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comp.lang.c FAQ list · Question 1.30

Q: What am I allowed to assume about the initial values of variables and arrays which are not explicitly initialized?
If global variables start out as ``zero'', is that good enough for null pointers and floating-point zeroes?

A: Uninitialized variables with static duration (that is, those declared outside of functions, and those declared with the storage class static), are guaranteed to start out as zero, just as if the programmer had typed ``= 0'' or ``= {0}''. Therefore, such variables are implicitly initialized to the null pointer (of the correct type; see also section 5) if they are pointers, and to 0.0 if they are floating-point. [footnote]

Variables with automatic duration (i.e. local variables without the static storage class) start out containing garbage, unless they are explicitly initialized. (Nothing useful can be predicted about the garbage.) If they do have initializers, they are initialized each time the function is called (or, for variables local to inner blocks, each time the block is entered at the top[footnote] ).

These rules do apply to arrays and structures (termed aggregates); arrays and structures are considered ``variables'' as far as initialization is concerned. When an automatic array or structure has a partial initializer, the remainder is initialized to 0, just as for statics. [footnote] See also question 1.31.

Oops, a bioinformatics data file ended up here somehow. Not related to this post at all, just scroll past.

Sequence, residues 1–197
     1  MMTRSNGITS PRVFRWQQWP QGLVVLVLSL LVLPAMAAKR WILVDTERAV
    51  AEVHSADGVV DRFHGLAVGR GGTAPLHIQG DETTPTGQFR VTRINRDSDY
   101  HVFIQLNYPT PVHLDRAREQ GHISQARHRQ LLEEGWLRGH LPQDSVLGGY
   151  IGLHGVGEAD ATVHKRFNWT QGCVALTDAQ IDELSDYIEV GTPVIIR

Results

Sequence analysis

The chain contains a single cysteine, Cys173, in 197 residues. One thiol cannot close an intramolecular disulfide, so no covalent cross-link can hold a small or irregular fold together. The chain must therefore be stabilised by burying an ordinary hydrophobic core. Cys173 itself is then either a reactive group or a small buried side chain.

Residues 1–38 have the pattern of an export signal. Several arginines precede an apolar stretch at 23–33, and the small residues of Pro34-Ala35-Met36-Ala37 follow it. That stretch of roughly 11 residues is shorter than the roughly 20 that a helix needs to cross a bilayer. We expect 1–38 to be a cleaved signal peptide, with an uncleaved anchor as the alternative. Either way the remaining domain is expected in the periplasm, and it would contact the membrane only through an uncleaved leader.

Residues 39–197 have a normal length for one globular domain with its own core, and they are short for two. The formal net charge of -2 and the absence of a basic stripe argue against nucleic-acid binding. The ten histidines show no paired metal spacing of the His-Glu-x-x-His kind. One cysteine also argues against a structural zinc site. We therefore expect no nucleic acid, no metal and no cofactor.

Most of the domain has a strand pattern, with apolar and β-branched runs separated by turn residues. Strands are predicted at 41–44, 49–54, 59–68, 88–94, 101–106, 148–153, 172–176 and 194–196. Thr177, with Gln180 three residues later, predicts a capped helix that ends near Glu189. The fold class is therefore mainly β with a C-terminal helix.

Finally, dynamically-allocated memory obtained with malloc and realloc is likely to contain garbage, and must be initialized by the calling program, as appropriate. Memory obtained with calloc is all-bits-0, but this is not necessarily useful for pointer or floating-point values (see question 7.31, and section 5).

References: K&R1 Sec. 4.9 pp. 82-4
K&R2 Sec. 4.9 pp. 85-86
ISO Sec. 6.5.7, Sec., Sec.
H&S Sec. 4.2.8 pp. 72-3, Sec. 4.6 pp. 92-3, Sec. 4.6.2 pp. 94-5, Sec. 4.6.3 p. 96, Sec. 16.1 p. 386

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